The most common types of infographics show data visually. This means that instead of just having text on top of each other, there's some sort of graphic element at the bottom of the page.

The reason why these work well as infographics is that they make information easy to digest. They also give us something else to focus on rather than just relying on text only. Here are some common ones:

Timeline infographic

This type of infographic goes through a timeline and uses graphics to explain each section.

It's a perfect way to walk an audience through a process visually and in a straightforward manner.

This particular infographic does it well, with visual elements that lead your eye through the piece and clear separations of time marked by the clear indication of months.

Statistical infographic

Complex ideas are hard to express in an entertaining and informative way.

That's where statistical and informational infographics come in handy.

This infographic uses icons, large text for important information, and color to emphasize the most vital statistics to take away.

Another great way to use statistical infographics is to show off some statistics from a survey. You can easily place different results all in one place with fun visual features to make it easier to digest.

Process infographics

Process infographics are a step-by-step guide on how to do something or how something works.

You can easily illustrate a series of steps with an infographic while making it easy to follow.

This infographic looks sharp but also explains the creative process comprehensively. We love the colors and font the designer selected.

Comparison infographic

Infographic content can also be great for making comparisons.

It's an easy way for people to visualize how two things compare and contrast.

This infographic compared SEO and PPC (something marketers are very familiar with) by using two columns to show how the two terms differ and compare.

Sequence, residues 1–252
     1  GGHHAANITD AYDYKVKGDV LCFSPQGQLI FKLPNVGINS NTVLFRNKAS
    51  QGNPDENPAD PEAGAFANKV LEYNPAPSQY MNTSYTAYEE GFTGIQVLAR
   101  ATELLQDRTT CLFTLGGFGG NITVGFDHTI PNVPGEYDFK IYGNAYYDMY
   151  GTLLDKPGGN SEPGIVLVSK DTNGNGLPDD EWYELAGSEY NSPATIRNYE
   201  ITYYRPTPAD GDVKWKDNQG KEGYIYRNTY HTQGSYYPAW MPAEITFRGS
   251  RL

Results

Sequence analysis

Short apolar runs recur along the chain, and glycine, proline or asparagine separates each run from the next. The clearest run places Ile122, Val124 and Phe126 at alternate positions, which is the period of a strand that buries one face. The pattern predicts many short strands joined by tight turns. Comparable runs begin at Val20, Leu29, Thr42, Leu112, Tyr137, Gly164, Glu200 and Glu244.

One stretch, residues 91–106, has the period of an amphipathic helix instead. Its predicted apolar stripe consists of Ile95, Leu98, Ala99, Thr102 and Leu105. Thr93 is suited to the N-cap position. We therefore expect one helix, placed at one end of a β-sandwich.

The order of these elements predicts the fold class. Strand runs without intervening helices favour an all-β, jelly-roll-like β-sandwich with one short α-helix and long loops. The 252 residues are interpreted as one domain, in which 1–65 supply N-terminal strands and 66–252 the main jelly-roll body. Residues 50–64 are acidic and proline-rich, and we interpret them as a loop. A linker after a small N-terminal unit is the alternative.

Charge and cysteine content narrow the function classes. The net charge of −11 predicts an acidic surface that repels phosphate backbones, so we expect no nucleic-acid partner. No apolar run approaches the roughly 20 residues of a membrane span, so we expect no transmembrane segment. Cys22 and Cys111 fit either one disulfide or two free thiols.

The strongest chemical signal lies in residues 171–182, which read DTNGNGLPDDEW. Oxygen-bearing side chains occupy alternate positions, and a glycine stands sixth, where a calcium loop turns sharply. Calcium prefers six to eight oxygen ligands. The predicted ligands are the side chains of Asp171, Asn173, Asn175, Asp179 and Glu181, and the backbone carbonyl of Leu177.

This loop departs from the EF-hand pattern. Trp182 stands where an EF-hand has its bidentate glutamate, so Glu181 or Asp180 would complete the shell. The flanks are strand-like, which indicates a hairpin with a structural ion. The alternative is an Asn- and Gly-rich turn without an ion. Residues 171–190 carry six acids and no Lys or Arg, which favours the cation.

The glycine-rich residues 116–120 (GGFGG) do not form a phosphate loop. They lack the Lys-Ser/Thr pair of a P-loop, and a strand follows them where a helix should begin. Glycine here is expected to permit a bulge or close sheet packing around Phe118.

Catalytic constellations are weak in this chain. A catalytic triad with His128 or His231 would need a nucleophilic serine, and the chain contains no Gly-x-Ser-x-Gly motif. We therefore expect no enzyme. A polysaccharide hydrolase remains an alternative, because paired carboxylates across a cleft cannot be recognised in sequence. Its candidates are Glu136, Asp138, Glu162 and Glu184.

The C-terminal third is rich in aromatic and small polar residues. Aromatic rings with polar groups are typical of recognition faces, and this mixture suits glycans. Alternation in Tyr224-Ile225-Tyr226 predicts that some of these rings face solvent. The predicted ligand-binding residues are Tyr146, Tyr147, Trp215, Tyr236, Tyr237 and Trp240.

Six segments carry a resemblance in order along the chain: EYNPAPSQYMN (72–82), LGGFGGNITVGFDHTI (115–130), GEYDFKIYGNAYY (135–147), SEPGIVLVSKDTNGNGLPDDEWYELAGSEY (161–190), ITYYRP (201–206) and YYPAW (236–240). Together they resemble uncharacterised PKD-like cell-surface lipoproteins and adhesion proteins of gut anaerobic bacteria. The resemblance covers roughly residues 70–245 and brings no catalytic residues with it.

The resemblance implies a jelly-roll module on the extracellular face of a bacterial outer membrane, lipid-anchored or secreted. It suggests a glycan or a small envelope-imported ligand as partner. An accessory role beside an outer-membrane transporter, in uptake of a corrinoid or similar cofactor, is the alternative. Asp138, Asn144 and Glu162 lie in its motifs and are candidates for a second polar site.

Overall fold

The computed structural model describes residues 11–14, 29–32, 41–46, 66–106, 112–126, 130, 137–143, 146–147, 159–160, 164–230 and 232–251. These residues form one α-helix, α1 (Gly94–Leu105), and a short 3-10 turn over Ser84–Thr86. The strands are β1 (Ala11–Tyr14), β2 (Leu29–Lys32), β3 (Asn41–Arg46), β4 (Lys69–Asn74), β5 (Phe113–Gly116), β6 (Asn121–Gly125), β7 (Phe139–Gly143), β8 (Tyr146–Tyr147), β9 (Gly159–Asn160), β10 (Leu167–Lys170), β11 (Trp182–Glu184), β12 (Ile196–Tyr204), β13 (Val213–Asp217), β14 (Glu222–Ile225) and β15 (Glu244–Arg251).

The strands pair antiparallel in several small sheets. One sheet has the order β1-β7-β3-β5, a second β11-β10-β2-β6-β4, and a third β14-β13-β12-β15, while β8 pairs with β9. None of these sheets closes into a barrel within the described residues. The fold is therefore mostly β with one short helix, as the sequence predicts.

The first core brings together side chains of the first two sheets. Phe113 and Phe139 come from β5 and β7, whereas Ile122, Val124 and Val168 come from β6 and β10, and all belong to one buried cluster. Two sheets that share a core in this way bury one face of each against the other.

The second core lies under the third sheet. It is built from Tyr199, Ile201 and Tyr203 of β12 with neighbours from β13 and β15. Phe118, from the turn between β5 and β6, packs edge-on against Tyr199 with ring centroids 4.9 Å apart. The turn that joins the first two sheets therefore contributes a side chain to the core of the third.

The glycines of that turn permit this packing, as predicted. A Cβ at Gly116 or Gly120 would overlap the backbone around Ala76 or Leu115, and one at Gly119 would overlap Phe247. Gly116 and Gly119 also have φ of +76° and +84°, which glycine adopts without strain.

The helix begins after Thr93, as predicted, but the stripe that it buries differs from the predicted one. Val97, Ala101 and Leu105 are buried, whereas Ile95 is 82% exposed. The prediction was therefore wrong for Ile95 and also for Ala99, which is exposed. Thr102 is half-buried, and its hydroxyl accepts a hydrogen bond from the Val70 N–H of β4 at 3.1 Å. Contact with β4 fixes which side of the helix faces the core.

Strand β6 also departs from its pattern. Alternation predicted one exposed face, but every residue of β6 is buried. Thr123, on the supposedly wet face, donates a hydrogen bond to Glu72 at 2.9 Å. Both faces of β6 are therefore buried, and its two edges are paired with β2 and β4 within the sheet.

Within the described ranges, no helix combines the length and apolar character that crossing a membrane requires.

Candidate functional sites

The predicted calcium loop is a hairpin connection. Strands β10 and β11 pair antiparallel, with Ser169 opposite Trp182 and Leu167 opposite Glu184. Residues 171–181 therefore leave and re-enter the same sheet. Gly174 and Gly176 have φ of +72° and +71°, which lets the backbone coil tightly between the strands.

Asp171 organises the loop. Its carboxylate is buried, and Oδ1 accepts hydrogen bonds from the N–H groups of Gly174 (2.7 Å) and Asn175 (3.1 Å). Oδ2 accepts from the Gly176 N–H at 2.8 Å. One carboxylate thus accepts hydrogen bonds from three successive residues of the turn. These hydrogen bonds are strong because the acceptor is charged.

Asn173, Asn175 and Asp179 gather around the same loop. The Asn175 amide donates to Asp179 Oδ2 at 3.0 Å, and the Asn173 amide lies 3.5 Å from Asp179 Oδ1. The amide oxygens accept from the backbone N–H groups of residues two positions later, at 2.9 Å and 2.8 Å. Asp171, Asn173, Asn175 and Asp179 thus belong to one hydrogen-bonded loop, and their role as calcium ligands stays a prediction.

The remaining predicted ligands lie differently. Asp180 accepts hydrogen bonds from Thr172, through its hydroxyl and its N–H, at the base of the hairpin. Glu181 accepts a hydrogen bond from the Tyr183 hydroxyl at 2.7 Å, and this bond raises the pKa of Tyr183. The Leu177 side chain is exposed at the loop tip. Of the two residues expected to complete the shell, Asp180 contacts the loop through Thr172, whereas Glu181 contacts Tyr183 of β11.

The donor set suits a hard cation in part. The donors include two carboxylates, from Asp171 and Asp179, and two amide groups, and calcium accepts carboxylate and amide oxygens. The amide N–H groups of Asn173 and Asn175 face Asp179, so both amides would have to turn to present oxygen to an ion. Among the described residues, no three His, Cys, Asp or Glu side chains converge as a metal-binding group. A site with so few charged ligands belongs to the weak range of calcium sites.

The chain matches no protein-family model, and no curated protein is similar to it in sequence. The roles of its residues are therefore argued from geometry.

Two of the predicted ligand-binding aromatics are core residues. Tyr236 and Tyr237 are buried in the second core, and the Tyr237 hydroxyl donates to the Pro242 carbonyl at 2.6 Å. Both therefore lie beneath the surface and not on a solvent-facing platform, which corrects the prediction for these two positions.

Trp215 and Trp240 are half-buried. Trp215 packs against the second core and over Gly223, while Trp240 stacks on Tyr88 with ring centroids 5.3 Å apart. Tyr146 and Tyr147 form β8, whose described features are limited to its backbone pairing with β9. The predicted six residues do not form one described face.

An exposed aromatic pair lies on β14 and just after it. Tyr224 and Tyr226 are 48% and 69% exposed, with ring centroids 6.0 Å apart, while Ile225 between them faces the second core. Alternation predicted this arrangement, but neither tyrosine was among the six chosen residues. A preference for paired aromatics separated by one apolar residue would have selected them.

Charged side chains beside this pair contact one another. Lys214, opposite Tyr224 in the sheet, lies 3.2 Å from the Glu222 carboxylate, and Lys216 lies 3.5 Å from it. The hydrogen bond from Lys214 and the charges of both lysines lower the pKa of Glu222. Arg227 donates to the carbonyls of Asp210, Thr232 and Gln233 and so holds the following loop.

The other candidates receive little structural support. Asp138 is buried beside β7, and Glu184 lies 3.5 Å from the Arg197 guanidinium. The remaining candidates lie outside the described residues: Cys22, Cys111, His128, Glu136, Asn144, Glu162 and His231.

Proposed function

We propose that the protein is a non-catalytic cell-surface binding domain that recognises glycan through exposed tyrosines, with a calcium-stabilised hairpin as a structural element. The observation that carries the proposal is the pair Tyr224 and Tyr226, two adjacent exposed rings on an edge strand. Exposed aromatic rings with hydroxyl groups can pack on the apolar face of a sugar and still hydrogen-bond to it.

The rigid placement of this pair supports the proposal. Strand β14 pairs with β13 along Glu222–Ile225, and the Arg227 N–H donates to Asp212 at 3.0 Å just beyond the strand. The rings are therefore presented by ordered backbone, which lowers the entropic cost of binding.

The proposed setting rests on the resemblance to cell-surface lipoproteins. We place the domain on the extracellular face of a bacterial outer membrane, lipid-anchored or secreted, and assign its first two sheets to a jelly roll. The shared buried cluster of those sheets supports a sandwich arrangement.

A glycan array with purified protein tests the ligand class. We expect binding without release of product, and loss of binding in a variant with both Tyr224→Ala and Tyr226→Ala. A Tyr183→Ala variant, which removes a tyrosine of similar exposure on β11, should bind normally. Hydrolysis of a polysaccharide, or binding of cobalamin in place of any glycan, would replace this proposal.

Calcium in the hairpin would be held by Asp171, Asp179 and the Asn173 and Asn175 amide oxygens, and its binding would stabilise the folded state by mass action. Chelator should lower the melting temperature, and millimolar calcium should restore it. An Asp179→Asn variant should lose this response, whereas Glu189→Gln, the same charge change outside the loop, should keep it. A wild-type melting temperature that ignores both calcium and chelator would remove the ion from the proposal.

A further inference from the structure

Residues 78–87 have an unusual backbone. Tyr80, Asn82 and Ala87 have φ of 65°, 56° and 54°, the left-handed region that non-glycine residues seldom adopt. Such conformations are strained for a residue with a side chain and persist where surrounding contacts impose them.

Infographic resumes

Another creative way to use infographics is to create a resume in the form of an infographic.

This approach will make your resume more interactive and easier to read through quickly.

This brief and accessible style is an excellent method if you want to stand out from the crowd and make sure your resume is seen.

Look at how sharp and engaging this example is. It will easily stand out from other black and white, text-only resumes.

Heads up: this type of resume is perfect for a graphic designer or visual job but might not be a good fit for other positions.

Animated infographics

Videos are more effective for marketing than static images or text.

Who wouldn't rather watch a video about a complex idea rather than read a ton of text?

But why are we just telling you with words? Let us explain it using an interactive infographic.

Here's an excellent animated infographic that perfectly demonstrates how interactive and fun animating your infographic can be.

We love how the designer combined infographic design elements with animation to make a usually dull topic (financial services) more exciting and easier to understand.